Asked his opinion on the minimum wage debate, Sherman McCorkle, cochair of the Coalition to Expose Ballot Deception, said, "We do not believe that this ordinance is about the minimum wage." He went on to say the ordinance "appears to be subterfuge for access to the workplace." He added: "The reason the coalition exists is to preserve the property rights of all Americans." Here's where the art of the spin comes in. On the surface, McCorkle's former opinion sounds like a classic example of a red herring and the latter perfectly fits the definition of the argumentum ad populum fallacy (see "Spin This" sidebar).
At the center of this ostensible controversy about the living wage ordinance is the inclusion of a single sentence: "Every employer shall allow any member of the public access to nonwork areas of the employer's business that are otherwise open to the public or customers generally, such as parking lots, sidewalks and pedestrian areas, to inform Employees of their rights under this and other laws."
The ordinance also gives the City Attorney's office authority to implement and enforce the ordinance, and to develop rules and guidelines for that purpose, including rules governing how the educational access provision of the law is to be carried out.
Matthew Henderson, head organizer for ACORN, the Association of Community Organizations for Reform Now, which is spearheading the drive for a living wage here, said the language used in the ordinance already exists in National Labor Relations Board (NLRB) case law. "There's nothing to stop you from saying to a cashier, ’Hey, I hope you're earning more than $5.15 an hour. Do you know what the new minimum wage is?'" On the other hand, Henderson said, "An employer has the right to kick you off their property if you're disrupting their business. This ordinance doesn't change any of that."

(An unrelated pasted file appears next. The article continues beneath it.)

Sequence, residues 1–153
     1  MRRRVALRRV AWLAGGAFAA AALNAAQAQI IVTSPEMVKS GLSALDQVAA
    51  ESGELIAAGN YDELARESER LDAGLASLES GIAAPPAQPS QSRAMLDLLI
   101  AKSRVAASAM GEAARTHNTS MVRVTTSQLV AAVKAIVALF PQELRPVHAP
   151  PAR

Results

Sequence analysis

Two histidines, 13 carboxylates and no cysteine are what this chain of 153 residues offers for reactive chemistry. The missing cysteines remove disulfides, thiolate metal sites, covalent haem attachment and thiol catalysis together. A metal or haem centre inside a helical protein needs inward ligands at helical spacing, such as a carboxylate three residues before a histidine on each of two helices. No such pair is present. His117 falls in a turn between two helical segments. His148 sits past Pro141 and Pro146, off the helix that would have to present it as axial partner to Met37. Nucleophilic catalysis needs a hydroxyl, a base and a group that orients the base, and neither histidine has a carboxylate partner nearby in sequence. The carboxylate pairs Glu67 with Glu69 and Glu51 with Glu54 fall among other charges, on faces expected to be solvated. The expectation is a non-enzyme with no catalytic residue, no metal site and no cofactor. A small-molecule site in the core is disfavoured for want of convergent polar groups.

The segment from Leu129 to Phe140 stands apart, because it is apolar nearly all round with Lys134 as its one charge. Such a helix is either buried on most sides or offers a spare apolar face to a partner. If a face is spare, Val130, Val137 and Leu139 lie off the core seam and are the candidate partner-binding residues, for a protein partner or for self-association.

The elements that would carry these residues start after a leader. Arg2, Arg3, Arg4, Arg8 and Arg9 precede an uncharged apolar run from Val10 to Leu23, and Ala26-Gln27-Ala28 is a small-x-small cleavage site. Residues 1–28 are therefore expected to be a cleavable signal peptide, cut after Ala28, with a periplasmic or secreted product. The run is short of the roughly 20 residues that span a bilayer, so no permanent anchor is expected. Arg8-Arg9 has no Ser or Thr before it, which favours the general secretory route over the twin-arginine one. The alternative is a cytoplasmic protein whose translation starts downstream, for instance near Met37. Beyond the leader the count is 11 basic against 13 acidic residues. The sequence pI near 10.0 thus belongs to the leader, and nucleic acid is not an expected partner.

Maureen Sanders is a labor law attorney and co-legal director of the New Mexico branch of the American Civil Liberties Union. She said the educational provision of the law is designed to ensure that low-income workers actually receive the pay the ordinance allows for. Advocacy groups for immigrants, for instance, would have the right to talk to workers about their right to the new minimum wage.
"Nonwork" areas is a term employed by the NLRB to strike a balance between unions who have the right of access to private sector business sites to inform workers of their rights to organize under national labor law, and businesses who have the right to keep their operations functioning without disruption, Sanders said. Nonwork areas are defined as sidewalks, public pedestrian areas, parking lots or, in some instances, employee cafeterias. Under this ordinance, the city has the power to specify further regulations governing access to businesses.
The ordinance would not sanction members of the public talking to employees on private business property about any law whatsoever. "The courts always look at intent," Sanders said about how the law might be interpreted in the event of a civil suit. "And the whole purpose of this legislation is work-related rights."